Materials segment falls flat; Changing demographics present marketplace
TORONTO, Jan. 2, 2014 /CNW/ - The Canadian M&A sector remained flat for a
second straight year in 2013, reflecting similar numbers from 2012, according
to KPMG. The Materials segment also continued to flounder while other market
segments showed some growth and promise as debt market liquidity gained
momentum during the calendar year.
Total M&A deals involving Canadian companies are expected to amount to US $139
billion in 2013, representing a seven percent increase over 2012. Almost
1,800 deals, virtually the same number as 2012, are expected to be completed
by December 31, 2013 based on data supplied by Thomson Financial.
The Materials segment, which includes Mining and Metals, remained in the
doldrums. Despite a modest increase in deal value over last year, Materials
continued to see a decline in the number of transactions, resulting in a 23
percent decrease over 2012.
The cost of debt capital hovered around historic lows in 2013. This allowed
debt market liquidity to gain momentum throughout the year and reduce the
costs of acquisitions, enticing intergenerational sellers to begin monetizing
their assets. Private Canadian companies from coast to coast have come to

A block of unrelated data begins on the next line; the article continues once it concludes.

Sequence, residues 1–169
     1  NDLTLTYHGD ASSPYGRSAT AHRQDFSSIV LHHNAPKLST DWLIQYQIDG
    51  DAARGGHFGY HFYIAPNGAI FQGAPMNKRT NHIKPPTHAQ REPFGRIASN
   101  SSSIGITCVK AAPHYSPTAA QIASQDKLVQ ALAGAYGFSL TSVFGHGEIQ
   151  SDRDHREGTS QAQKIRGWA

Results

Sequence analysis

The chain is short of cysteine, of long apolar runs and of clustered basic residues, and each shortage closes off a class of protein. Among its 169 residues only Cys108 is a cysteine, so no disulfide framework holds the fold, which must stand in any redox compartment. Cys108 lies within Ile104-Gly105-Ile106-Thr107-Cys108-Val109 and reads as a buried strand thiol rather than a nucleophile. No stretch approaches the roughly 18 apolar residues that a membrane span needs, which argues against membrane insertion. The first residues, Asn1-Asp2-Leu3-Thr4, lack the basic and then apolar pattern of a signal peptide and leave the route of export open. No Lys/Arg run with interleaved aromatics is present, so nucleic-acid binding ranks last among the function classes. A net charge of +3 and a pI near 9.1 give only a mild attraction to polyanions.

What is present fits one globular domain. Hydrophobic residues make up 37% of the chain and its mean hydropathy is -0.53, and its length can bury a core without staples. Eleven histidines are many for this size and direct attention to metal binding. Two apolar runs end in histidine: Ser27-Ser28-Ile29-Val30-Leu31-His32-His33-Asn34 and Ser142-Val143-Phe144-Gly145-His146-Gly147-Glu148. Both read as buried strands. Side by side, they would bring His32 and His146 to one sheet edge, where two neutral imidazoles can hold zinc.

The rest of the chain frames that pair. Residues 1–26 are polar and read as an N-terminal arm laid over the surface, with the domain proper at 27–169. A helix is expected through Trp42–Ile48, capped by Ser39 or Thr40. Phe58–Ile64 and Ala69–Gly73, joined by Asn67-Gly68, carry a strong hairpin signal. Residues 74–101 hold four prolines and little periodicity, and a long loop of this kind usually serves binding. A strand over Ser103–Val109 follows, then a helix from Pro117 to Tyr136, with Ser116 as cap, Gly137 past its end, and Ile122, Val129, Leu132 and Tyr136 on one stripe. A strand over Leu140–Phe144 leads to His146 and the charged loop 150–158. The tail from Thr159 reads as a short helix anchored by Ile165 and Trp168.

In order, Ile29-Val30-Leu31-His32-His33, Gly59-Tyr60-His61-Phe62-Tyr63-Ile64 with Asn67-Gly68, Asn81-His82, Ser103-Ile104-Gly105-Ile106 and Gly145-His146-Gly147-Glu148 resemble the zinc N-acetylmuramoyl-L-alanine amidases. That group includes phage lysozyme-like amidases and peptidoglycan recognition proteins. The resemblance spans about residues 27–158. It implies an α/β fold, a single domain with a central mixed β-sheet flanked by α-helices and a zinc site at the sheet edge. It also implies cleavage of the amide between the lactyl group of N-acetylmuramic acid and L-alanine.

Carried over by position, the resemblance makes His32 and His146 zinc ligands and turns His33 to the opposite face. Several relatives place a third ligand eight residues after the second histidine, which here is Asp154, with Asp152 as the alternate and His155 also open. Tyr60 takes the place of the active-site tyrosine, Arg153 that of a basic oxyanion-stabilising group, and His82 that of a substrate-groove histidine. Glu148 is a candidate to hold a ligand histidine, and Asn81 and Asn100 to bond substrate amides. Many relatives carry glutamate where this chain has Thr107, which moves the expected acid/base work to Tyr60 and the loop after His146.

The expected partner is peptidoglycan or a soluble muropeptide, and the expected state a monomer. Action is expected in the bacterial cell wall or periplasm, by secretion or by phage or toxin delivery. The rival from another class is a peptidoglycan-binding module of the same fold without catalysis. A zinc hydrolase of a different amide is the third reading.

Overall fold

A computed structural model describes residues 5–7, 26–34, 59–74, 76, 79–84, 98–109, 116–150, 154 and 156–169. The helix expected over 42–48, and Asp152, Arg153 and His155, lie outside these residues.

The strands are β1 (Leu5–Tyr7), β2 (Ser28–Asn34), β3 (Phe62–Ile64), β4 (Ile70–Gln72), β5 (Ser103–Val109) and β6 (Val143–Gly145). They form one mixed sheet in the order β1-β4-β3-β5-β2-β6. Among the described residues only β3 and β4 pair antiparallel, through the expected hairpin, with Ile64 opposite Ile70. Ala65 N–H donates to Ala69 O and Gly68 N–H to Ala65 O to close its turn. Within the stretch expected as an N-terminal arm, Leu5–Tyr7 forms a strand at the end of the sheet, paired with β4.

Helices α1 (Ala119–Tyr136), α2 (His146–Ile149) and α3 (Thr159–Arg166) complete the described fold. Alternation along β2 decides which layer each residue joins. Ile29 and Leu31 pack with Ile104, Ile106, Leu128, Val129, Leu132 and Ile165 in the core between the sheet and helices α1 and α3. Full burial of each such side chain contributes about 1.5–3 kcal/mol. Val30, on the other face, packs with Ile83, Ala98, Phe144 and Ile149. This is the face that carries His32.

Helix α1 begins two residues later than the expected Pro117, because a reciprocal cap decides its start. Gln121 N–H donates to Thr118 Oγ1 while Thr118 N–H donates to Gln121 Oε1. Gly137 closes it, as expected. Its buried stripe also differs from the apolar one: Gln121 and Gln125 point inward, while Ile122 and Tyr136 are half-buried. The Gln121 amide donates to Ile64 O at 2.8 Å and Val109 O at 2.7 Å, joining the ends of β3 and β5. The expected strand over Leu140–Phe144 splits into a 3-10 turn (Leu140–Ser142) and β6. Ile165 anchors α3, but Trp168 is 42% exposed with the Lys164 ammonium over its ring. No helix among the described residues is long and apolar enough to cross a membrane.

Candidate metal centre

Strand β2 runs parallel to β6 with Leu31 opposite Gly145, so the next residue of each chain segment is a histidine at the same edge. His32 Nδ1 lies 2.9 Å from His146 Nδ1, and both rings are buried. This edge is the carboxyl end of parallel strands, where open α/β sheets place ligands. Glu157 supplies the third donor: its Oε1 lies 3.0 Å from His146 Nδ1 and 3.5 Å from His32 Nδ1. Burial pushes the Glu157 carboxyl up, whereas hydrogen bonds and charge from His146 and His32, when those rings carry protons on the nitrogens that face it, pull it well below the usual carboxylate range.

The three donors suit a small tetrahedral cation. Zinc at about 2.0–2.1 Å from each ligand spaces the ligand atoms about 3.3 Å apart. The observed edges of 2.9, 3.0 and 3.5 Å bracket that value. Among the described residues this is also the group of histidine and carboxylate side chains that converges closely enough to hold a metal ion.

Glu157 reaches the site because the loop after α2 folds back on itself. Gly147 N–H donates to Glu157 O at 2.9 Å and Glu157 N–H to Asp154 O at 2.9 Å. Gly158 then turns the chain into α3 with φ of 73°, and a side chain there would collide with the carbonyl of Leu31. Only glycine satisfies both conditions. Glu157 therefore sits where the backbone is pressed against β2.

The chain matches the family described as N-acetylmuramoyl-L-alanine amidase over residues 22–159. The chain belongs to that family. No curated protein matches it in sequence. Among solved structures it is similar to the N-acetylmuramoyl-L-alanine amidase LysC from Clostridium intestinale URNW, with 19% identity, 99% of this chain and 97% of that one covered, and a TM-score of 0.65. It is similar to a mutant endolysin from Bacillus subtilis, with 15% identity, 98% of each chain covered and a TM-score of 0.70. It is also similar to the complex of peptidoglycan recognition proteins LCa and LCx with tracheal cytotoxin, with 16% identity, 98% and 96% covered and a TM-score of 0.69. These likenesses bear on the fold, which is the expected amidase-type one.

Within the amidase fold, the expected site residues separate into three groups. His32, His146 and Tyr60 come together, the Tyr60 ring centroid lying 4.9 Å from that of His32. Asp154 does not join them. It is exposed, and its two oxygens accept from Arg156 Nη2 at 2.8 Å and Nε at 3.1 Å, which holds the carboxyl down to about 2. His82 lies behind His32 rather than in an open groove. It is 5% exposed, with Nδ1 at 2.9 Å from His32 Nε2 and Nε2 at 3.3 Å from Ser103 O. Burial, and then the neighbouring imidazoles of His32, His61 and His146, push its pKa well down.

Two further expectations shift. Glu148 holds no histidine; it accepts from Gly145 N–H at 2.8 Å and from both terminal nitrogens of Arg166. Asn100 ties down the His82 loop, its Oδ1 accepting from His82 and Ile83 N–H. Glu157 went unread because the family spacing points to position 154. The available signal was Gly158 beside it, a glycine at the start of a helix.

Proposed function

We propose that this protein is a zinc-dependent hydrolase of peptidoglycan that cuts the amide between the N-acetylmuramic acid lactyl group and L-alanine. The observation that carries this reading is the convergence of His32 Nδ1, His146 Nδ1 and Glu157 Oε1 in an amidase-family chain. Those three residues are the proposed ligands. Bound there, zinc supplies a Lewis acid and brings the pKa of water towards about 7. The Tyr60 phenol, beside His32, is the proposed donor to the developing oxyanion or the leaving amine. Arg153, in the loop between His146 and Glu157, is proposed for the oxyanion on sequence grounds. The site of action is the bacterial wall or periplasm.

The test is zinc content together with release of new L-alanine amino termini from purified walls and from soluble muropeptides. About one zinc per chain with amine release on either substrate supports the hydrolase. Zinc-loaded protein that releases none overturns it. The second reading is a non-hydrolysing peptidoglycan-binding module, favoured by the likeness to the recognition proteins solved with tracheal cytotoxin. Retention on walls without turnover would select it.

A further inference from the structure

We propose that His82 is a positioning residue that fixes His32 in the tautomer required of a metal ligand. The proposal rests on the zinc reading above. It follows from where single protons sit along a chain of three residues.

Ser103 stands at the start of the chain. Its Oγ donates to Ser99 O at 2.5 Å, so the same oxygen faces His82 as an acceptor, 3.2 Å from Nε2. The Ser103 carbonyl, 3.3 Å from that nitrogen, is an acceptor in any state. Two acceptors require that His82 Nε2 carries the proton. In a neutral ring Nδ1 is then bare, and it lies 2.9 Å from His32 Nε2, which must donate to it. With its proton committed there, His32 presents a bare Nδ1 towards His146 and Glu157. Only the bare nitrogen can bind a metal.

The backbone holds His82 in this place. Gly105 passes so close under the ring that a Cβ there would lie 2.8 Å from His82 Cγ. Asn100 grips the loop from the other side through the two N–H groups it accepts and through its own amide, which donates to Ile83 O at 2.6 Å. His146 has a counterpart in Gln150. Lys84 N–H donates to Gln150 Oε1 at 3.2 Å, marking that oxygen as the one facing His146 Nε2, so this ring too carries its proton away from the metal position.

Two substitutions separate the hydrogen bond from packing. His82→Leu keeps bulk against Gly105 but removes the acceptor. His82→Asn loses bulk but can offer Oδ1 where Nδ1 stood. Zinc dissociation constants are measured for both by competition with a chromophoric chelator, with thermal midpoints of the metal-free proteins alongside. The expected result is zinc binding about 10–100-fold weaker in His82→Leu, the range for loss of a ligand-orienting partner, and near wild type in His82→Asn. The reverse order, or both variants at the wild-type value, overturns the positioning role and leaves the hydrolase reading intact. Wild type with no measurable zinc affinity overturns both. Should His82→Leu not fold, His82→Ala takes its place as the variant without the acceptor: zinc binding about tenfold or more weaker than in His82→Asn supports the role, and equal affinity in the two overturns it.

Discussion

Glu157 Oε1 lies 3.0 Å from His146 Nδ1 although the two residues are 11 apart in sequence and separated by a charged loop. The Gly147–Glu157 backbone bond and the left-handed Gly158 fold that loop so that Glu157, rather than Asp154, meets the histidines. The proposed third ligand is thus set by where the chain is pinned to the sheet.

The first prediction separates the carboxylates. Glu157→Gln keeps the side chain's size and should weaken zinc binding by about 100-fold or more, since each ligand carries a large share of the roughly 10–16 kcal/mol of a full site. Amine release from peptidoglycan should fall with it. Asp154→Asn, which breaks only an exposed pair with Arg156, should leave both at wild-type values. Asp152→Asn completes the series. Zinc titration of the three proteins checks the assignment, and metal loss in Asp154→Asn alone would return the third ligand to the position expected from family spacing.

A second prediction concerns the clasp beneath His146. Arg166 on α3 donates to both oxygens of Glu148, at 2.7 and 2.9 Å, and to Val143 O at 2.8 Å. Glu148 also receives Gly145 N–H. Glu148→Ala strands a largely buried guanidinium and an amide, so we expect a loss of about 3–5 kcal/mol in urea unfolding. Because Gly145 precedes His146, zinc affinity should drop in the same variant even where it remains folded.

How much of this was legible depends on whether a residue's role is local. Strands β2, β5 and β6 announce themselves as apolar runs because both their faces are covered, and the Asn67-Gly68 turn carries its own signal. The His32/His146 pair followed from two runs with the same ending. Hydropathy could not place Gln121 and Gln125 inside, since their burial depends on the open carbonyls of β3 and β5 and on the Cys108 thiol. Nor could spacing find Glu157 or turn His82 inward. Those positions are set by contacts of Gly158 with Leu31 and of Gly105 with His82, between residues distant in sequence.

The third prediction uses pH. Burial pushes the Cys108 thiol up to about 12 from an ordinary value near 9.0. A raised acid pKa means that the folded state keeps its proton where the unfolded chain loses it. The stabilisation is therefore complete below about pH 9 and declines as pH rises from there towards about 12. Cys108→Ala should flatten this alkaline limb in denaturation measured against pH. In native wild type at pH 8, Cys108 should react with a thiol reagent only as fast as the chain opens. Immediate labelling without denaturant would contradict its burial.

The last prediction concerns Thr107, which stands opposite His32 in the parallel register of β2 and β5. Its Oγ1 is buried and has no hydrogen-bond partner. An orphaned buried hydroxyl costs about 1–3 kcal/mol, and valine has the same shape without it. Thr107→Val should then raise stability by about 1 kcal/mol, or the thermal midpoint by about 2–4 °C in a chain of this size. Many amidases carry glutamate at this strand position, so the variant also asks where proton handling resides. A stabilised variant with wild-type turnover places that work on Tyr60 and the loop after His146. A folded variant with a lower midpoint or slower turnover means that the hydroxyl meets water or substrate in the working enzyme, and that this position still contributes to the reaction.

the market in order to take advantage of strong selling conditions. KPMG
foresees strong selling conditions continuing in Consumer and Industrial
markets due in part to strength in automotive sales in North America coupled
with increased consumer spending.
Some of the landmark transactions involving Canadian companies in 2013 include:
-- The US $19.1 billion acquisition of Nexen by CNOOC Limited, a
Chinese investment holding company
-- The US $6 billion acquisition of the American retailer Neiman
Marcus by a private equity consortium that included CPP
-- Sobeys' acquisition of Safeway Canada, a food retailer in
Western Canada, for US $5.7 billion
-- The acquisition of Ally Credit Canada by RBC for US $4.1
-- Hudson's Bay Company's acquisition of Saks Incorporated for US
"It was another tough year for the Canadian Materials segment in 2013 but
others showed signs of growth and strength which we expect to spill over into
2014. Debt capital markets have been a catalyst for strong valuations and we
anticipate that continuing in the year ahead."
-- Peter Hatges,
President, KPMG Corporate Finance, Inc.
"Whether the buyers are private equity firms or strategic investors, there
appears to be an abundance of investment capital that is available, creating
the opportunities for increased synergies and penetration into new markets by
way of merger or acquisition."
-- Martin-Pierre Roussel,
Managing Director, Quebec Corporate Finance, KPMG Corporate
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SOURCE KPMG LLP
Briana D'Archi National Senior Manager, Communications KPMG in Canada
email@example.com 416 777 8169
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-0- Jan/02/2014 14:49 GMT
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